She bounded up the single flight of stairs, flung open her door and came to a sudden halt. “Oh!” The cry was knocked from her like a punch in the stomach. She couldn’t believe it. She closed her eyes as she backed against the wall, hoping all would right itself when she opened them. It didn’t. The entire flat had been turned upside down.
Felicity stood frozen for perhaps a full minute, trying to take it all in: books pulled from shelves, drawers pulled from her desk, cushions flung from chairs. Hardly breathing, she rushed into her kitchen, bath, bedroom— all chaos— sheets and duvet ripped from her bed, clothes pulled from her wardrobe. She picked her way through scattered papers, dumped files, ripped letters. Dimly she registered that her computer and CD player were still there. Oh, and there was the Horace book still by her bed. She pulled her bag from under a pile of clothes. Empty. But its contents lay nearby. Credit cards and money still there.
Not robbery. So then, what? Why?
Was this an anti-women-clergy thing? Had she underestimated the extent of the resentment? Or was it something political? Had something happened to trigger an anti-American demonstration? Felicity would be the last to know. She never turned on the news.
Well, whatever it was, she would show them. If someone in the college thought they could scare her off by flinging a few books around she’d give them something new to think about. She stormed out, slamming her door hard enough to rattle the glass pane, and strode up the hill at twice the speed she had run down it. Not for nothing her years of rigorous exercise at the ballet barre. When she reached the monastery grounds she keyed in the numbers on the security lock with angry jabs and barely waited for the high black iron gates to swing open before she was speeding up the graveled walk.
Felicity's long blond braid thumped against her back as she charged onward, her mind seething. If those self-righteous prigs who posed as her fellow students thought they could put her off with some sophomoric trick—
She approached the college building, practising the speech she would deliver to all assembled for dinner in the refectory: “Now listen up, you lot! If you think you can push me around just because your skirts are longer than mine. . .”
She punched a clenched-fist gesture toward her imaginary cassock-clad audience, then saw the Horace book still clutched in her hand. Oh, yes. First things first. She would have missed the opening prayer anyway. She would just run by Father D’s room— then she would tell them.
She hurried on up the path beyond the college to the monastery, ran her swipe card through the lock, and was halfway down the hall before the door clicked shut behind her. She had only been to Dominic’s room once before, to collect a poetry book he was anxious to share with her, but she would have had no trouble locating it, even had the door not been standing ajar.
She pushed it wider, preparing to step in. “Father D— ” she stopped at the sight of a man in a black clerical suit standing there. He jerked around at the sound of her voice and she recognized Fr. Antony, her church history lecturer.
She took a step backward when she saw the look of horror on his sheet-white face. “Felicity. Don’t come in.” He held up a hand to stop her and she saw it was covered with blood.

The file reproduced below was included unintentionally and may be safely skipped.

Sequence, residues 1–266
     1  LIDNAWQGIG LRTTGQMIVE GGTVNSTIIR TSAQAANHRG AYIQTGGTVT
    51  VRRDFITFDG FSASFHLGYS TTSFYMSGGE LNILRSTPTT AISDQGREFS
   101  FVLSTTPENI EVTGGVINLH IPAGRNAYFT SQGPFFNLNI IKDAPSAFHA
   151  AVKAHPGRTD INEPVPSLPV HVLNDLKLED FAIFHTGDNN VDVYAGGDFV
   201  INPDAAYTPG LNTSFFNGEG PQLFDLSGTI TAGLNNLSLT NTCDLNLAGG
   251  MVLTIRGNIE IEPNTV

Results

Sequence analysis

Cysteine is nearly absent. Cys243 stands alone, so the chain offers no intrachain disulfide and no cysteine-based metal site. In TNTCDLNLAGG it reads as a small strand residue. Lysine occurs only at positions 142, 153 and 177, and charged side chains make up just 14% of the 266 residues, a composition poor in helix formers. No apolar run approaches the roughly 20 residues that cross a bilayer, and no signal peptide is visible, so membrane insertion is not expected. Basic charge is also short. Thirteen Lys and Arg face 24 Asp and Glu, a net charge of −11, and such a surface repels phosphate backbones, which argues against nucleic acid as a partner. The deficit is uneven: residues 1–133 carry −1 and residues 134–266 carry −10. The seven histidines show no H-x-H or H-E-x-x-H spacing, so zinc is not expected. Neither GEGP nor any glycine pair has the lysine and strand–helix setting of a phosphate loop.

“Father D! Is he haemorrhaging?” She lunged forward, then stopped at the sight before her.
The whole room seemed covered in blood. Bright red splotches on the pristine white walls and bedding, on the open pages of a prayer book, on the statue of Our Lord, forming lurid stigmata on His hands extended in mercy. . .
And in the centre of the floor, in a pool of red, his battered head all but unrecognizable— her beloved Father Dominic. The smell of fresh blood clogged her nostrils. Gorge rose in her throat.
“Felicity— ” Fr. Antony extended his reddened hands to her in a pleading gesture.
“Don't touch me!” She all but screeched, wielding her Latin book as a shield against the blood on his hands, a red haze of shock and horror clouding her vision.
She couldn’t believe Antony's face could get even whiter. “Felicity, stop. Listen to me—”
She dimly registered his words, but the voice in her head shouted with far greater force. No! No, it can’t be. There was some mistake. She was in the wrong room. Must be. She shook her head against the nightmare she had seen but couldn't accept. Her hazy thoughts intertwined with sheer blackness.
She staggered backward into the hall and slumped to the floor as the room spun before her. She closed her eyes against the darkness for a long moment as her mind reeled, groping for a coherent thought. How? What? Why?
Only a few minutes earlier she had been revelling in the peace of this remote and holy place. Where could such violence have come from? How was it possible here? In a place of prayer? To a holy man. Why?
If Fr. Dominic wasn't safe who could be?
And even as the questions tumbled, half-formed through her head, even as her mind denied what her eyes saw, she knew she had to find an explanation. There was no way she could continue studying— believing in— purpose and justice if there were no answers for such senseless irrationality.
Fr. Antony, still standing dazed in the gore-splattered room looked as though he could collapse in the middle of the pool of blood. Felicity grabbed his arm, jerked him into the corridor, and shoved him against the wall where he stayed, leaning heavily. He held his hands before his face as if unbelieving they were his own. “When he missed mass I came to check on him. . . I felt for a pulse— ”
“We must get help!” Felicity looked wildly around.
“Yes, of course.” Her energy seemed to galvanize Antony. He pushed himself forward unsteadily. “Forgive me, I feel so stupid. I— we must tell the Superior. He’ll call the police.”
“Police? You mean an ambulance.” Felicity started toward the room again. Yes, that was it— how could she have dithered so when they must get help? “He’s lost so much blood, but maybe—”
“No!” Antony grabbed her arm with more strength than she realized he was capable of. “Don’t go in there again, Felicity. It’s useless.”
She knew. She had seen the blood.